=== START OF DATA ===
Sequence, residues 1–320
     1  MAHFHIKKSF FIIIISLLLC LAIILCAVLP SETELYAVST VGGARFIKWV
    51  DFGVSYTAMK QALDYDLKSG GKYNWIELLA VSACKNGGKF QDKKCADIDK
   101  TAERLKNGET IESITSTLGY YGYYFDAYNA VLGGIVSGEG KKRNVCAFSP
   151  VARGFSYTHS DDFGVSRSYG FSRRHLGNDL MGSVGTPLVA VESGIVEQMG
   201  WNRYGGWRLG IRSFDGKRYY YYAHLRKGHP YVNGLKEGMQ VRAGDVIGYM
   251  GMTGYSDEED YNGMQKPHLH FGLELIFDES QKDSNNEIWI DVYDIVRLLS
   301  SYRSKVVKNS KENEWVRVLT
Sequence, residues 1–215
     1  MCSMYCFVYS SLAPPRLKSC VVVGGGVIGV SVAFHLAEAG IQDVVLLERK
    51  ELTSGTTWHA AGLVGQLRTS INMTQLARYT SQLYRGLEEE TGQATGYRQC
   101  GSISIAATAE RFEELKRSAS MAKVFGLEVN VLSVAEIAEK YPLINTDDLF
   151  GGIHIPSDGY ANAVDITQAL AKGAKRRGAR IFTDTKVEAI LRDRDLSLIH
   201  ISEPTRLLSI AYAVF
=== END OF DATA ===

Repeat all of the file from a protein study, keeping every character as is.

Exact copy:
Sequence, residues 1–320
     1  MAHFHIKKSF FIIIISLLLC LAIILCAVLP SETELYAVST VGGARFIKWV
    51  DFGVSYTAMK QALDYDLKSG GKYNWIELLA VSACKNGGKF QDKKCADIDK
   101  TAERLKNGET IESITSTLGY YGYYFDAYNA VLGGIVSGEG KKRNVCAFSP
   151  VARGFSYTHS DDFGVSRSYG FSRRHLGNDL MGSVGTPLVA VESGIVEQMG
   201  WNRYGGWRLG IRSFDGKRYY YYAHLRKGHP YVNGLKEGMQ VRAGDVIGYM
   251  GMTGYSDEED YNGMQKPHLH FGLELIFDES QKDSNNEIWI DVYDIVRLLS
   301  SYRSKVVKNS KENEWVRVLT
Sequence, residues 1–215
     1  MCSMYCFVYS SLAPPRLKSC VVVGGGVIGV SVAFHLAEAG IQDVVLLERK
    51  ELTSGTTWHA AGLVGQLRTS INMTQLARYT SQLYRGLEEE TGQATGYRQC
   101  GSISIAATAE RFEELKRSAS MAKVFGLEVN VLSVAEIAEK YPLINTDDLF
   151  GGIHIPSDGY ANAVDITQAL AKGAKRRGAR IFTDTKVEAI LRDRDLSLIH
   201  ISEPTRLLSI AYAVF